Time for some new Treads? (not threads… get it?)

Welcome to our ‘Quick-Start’ guide for how to check one particularly important aspect of a road worthy car; Tread depth on your tyres.

“The legal minimum tread depth for cars is 1.6 millimetres. This 1.6 mm should be in a continuous band throughout the central three-quarters of the tread width, throughout the whole of the circumference.”
Source: https://www.highwaycodeuk.co.uk/answers/whats-the-minimum-tread-depth-for-your-car-tyres

Now, to check your tyres it’s always best to have the proper equipment – which can be bought at Amazon (and other retailers) for less than the price of a drink in a pub (depending on what your poison is of course)! On the basis of how cheap this item is, I recommend this as the sort of tool that you should always just leave in your glove box, so that it’s nearby if/when you need to require it (or even help out a friend or a fellow motorist who isn’t as prepared as you)!

Use of the tool is very simple. You simply push the ‘pin’ end into the tyre; the gauge will then show a depth reading (which on the recommended product above will be colour-coded for ease of seeing whether you’re in a ‘tread depth emergency’, or if you’re still a while away from that). Make sure that you check the whole of the relevant ‘central ¾ of the tread’ for these minimum depths. 

In a pinch (say the tool that you have ordered hasn’t arrived yet for example, or you have left it at home!) you can use a 20p coin to check you are above legal minimums – although you can’t check any more specifically than that. The process? You simply place the 20p coin into the main tread grooves of your tyre. If the outer band of the 20p coin is obscured when it is inserted, then your tread is above the legal limit.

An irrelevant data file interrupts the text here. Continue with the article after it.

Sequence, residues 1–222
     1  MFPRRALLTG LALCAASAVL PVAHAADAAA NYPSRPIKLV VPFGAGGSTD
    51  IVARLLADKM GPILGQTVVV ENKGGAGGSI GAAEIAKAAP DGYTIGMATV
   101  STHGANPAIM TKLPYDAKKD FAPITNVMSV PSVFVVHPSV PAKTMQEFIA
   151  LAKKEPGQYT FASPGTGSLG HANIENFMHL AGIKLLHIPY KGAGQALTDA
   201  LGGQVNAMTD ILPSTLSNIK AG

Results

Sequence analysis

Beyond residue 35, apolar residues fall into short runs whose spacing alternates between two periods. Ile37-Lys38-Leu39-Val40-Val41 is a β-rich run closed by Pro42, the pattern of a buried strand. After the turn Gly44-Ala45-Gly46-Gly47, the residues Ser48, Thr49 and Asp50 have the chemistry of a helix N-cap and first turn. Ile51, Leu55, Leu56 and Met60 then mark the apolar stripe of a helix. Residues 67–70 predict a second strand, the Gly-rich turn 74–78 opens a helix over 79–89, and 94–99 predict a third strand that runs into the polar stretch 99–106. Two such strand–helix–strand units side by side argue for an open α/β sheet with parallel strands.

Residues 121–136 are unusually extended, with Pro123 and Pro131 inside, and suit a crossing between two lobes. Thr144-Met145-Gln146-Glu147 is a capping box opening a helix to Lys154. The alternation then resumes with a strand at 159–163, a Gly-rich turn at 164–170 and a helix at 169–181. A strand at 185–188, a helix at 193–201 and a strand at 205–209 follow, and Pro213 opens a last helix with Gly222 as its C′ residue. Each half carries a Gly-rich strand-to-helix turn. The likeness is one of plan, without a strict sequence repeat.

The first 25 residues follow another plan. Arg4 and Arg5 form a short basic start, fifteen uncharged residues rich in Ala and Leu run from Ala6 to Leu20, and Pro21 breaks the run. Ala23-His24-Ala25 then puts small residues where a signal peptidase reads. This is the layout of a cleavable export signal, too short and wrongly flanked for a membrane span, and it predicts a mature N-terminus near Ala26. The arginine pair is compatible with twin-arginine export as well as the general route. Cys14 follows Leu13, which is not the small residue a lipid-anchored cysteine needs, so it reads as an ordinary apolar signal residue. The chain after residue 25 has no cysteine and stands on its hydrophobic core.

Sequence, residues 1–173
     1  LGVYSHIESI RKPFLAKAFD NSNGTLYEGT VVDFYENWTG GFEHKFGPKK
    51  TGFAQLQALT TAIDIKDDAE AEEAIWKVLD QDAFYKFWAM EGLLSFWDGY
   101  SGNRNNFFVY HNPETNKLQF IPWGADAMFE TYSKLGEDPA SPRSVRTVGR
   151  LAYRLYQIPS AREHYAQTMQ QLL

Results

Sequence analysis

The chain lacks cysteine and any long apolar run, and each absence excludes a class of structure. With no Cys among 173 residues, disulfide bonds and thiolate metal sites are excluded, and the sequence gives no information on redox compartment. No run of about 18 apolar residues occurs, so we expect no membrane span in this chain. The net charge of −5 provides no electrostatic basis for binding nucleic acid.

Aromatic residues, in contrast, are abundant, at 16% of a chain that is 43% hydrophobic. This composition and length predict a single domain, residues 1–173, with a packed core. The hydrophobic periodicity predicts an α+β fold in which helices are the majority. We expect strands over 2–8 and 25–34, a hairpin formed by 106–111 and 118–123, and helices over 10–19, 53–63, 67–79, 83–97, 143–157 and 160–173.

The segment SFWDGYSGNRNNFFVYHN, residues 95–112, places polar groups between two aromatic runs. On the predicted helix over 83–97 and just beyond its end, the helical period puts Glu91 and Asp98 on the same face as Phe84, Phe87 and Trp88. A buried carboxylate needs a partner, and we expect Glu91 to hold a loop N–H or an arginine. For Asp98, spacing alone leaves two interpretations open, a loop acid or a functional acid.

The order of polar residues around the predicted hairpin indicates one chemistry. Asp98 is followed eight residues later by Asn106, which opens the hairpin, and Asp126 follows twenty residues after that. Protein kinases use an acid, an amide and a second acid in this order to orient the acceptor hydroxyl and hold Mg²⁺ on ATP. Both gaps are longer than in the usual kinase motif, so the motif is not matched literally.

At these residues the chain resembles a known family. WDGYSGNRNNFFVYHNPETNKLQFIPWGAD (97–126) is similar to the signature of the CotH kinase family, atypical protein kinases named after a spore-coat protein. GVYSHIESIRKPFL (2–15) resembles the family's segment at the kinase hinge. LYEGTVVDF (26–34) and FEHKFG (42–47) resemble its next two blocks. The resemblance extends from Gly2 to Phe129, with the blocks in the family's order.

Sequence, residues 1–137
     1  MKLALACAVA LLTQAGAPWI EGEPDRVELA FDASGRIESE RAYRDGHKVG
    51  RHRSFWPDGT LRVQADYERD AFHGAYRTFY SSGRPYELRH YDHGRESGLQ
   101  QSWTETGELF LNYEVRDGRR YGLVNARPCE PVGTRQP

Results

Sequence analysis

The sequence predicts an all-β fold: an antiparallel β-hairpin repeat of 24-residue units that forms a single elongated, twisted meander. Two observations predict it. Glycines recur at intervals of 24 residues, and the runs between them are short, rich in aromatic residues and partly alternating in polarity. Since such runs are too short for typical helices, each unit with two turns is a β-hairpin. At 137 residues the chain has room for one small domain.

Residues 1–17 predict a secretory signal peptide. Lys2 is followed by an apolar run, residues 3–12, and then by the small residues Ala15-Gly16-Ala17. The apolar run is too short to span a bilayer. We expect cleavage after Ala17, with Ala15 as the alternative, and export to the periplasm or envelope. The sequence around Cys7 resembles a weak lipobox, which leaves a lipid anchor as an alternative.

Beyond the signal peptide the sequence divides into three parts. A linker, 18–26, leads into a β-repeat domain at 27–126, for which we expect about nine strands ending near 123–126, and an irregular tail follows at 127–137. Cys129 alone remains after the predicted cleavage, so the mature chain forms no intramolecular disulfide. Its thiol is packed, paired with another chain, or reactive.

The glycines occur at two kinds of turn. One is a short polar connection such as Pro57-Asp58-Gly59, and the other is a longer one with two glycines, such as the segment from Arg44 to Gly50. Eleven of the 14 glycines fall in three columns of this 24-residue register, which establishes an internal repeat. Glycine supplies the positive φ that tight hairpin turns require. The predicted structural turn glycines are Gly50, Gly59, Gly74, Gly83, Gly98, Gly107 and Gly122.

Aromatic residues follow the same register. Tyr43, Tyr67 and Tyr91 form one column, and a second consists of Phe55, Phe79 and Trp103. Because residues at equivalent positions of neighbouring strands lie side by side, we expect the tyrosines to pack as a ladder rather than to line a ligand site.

Always remember that you shouldn’t leave it until you are on the verge of hitting the minimums to get your tyres changed, as if an officer of the law asks to see your tyres and they are below the legal level each bald (or defective) tyre carries a fine of up to £2,500 and three penalty points. So in other words, if all 4 of your tyres were below 1.6mm of tread you would lose your license as you would accumulate 12 points – plus the potentially massive fine!

Further to the above; check all the tyres when you are checking one. This is because all tyres are likely to wear at slightly different rates – and if you have any issues with Tracking (or worse) then one or more might have worn considerably more than others. Also, factor in that front-wheel-drive cars are likely to get through 2 full sets of front tyres before needing to change the rears –  so ensure you ‘rotate’ (swap front wheels to the rear and visa-versa) if you are only buying new fronts. This is to prevent the rubber decaying on the rears (as they wear so little on front-wheel-drive cars) over extended lengths of time. Rear-wheel-drive cars are likely to wear at a more even rate due to the balance of wear from driving and from steering. 

Don’t worry you don’t have to do the ‘rotation’ yourself – you can ask the garage fitting your new tyres to do so for you. Most will be happy to oblige.

Finally remember that just because the legal minimum is 1.6mm of tread, the generally held school of thought about changing tyres is that you should do so around 2.5 – 3mm. This is due to braking distances increasing dramatically around this point and exponentially below. 

If one tyre is particularly worn, or if one edge is severely worn (more so than realistically should be expected) then consider having the vehicle looked at by a professional in case of problems with tracking, wheel balancing or even potentially worse. Better safe than sorry.

Tyres are something that motorists often neglect or plain forget about; don’t fall foul of baldness. Stay safe, and keep your treads fresh.

 

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About the Author
Sam Wardega is a freelance car journalist working on behalf of Carsnip.com.
A lifetime Petrolhead who started with Hot Wheels aged 2, and now just spends his life savings on owning his dream cars. As they say, boys don’t stop playing with toys; they just get bigger and more expensive!

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